With The White Towers (The Rage of Kings Book 2), Andy Remic does something amazing. He takes the members of the Iron Wolves and actually begins to turn them into some semblance of human beings without losing their grimdark appeal. For those of you have not read my review of The Iron Wolves, I’m sure that seems somewhat nonsensical but just trust me when I say that our heroes are some of the most despicable, vile, and loathsome humans you will ever come across. From pit fighters to drug addicts to kidnapper/serial killers, the Iron Wolves run the gamut of human depravity. Honestly, when reading the first book of the series, I felt dirty for even routing for them to not be hanged for their crimes against humanity. But as I said, in book two, Andy Remic begins their slow transformation into something more than classic grimdark caricatures.
The story picks up right where book one ended: the remaining Iron Wolves have saved the Kingdom of Vagandrak from Orlana the Changer and her vile mud orcs and inhuman "splice" only to be arrested and sentenced to death by mad King Yoon. Now, they must not only find a way to save their sorry assess from the hangman’s noose but also, somehow, escape the impregnable fortress in the Pass of Splintered Bones. And even if they succeed in doing those things, none of them are prepared for what awaits them back home. For Orlana’s coming has awoken another enemy: the Elf Rats. These twisted denizens of the toxic land far to the north have returned to their ancient homeland, determined to avenge themselves on their ancient tormenters and wipe the scourge of mankind from Vagandrak!
From this great beginning, Mr. Remic weaves a grimdark story that actually spends a great deal of time on the characterization of the individual members of the Iron Wolves. The Captain of the Wolves, KiKi, has her early years and unusual childhood explored. Dek the Pit Fighter opens up about his family. Narnok of the Axe begins dealing with his wife’s betrayal and his vile torture. Trista the Serial Killer turns into more than a murdering ice princess. Even Prince Zastarte exorcizes his demons to an extent and explains how he had been lead down the path to serial killing. Not that any of these epiphanies by the Wolves washes them white as snow or changes their inherent evilness, but at least, Mr. Remic begins to explore the why of their insanity. That, in and of itself, made the characters more real and compelling to me.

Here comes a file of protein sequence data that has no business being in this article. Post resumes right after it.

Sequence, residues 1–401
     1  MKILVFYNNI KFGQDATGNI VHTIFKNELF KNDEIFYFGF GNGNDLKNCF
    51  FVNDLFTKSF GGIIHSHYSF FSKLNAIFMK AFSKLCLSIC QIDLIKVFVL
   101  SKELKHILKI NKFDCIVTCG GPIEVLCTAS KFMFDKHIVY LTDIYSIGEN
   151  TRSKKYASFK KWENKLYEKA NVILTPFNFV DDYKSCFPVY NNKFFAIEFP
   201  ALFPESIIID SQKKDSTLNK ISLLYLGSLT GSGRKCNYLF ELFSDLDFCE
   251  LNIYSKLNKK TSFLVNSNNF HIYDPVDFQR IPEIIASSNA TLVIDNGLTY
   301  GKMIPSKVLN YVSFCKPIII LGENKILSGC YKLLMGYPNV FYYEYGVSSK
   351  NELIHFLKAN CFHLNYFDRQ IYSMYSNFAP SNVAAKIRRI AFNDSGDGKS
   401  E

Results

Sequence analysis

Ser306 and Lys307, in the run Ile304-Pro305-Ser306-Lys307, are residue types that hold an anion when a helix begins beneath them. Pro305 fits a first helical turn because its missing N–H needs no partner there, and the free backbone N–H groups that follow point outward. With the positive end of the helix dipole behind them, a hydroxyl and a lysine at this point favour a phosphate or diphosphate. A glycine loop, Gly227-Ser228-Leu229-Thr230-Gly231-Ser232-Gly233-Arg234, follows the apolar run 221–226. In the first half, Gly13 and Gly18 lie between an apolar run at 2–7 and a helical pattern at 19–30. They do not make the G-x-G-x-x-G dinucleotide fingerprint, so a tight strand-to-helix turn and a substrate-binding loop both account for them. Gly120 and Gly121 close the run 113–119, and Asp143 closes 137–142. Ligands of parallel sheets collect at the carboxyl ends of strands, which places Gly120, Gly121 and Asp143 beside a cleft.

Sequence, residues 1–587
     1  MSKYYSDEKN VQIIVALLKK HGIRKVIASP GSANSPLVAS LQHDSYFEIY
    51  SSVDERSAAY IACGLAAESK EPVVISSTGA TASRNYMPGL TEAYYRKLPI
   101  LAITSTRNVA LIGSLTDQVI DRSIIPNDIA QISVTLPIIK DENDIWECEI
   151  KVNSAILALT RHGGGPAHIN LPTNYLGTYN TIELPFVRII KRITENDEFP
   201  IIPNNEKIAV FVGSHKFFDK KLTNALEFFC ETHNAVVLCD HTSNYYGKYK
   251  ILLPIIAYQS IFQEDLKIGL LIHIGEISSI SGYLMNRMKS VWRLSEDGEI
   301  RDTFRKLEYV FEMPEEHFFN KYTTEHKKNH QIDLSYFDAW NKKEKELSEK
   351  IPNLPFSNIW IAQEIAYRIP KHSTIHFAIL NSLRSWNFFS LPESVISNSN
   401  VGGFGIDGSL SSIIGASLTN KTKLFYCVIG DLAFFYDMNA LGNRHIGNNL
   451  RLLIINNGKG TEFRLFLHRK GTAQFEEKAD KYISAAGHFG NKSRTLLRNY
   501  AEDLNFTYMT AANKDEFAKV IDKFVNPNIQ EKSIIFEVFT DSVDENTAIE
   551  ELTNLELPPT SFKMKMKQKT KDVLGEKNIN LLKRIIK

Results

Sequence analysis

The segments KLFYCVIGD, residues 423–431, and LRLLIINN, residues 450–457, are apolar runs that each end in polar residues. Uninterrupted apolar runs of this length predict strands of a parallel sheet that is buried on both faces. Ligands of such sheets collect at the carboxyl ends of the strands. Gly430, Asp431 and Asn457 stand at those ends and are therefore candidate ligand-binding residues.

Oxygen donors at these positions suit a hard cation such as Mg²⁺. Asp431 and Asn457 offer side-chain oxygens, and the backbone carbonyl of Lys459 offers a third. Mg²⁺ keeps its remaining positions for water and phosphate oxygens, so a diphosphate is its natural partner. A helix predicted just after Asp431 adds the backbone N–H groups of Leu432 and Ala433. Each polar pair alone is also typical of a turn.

Another thing that Mr. Remic does a good job of doing is actually giving readers a less over-the-top villain. The Iron Wolves really suffered, in my opinion, from the fact that Orlana the Changer was so evil, so ridiculously inhuman that all her actions seemed surreal. Here, though, the author finds the right balance between vile and fantastical with the Elf Rats. Sure, they are genocidal monsters, but their reasons for being such are clearly articulated, allowing a reader to understand why they hate the humans of Vagandrak so much and what they hope to gain from their behavior. Perhaps that doesn’t seem very praise worthy, but after book one, I thoroughly enjoyed knowing exactly why the bad guys were killing everyone.
With all that being said, I want to assure grimdark lovers that even with Mr. Remic spending more time of characterization and explanation The White Towers is still a blood spattering grimdark fantasy. There are pages and pages of gory atrocities, fierce battles, and monstrous genocide. Sex also plays a major role here, and more than a few of our heroes are bi-sexual, which leads to several uncomfortable moments when the less open-minded members of the group discover this. So if you loved The Iron Wolves or just are overdue for a hit of grimdark, pick this one up, but make sure you have a clean rag to wipe all the blood off your face as you read it.
I received this book from Netgalley and the publisher in exchange for a fair and honest review. I’d like to thank Netgalley and Angry Robot Books for allowing me to receive this review copy and inform everyone that the review you have read is my opinion alone.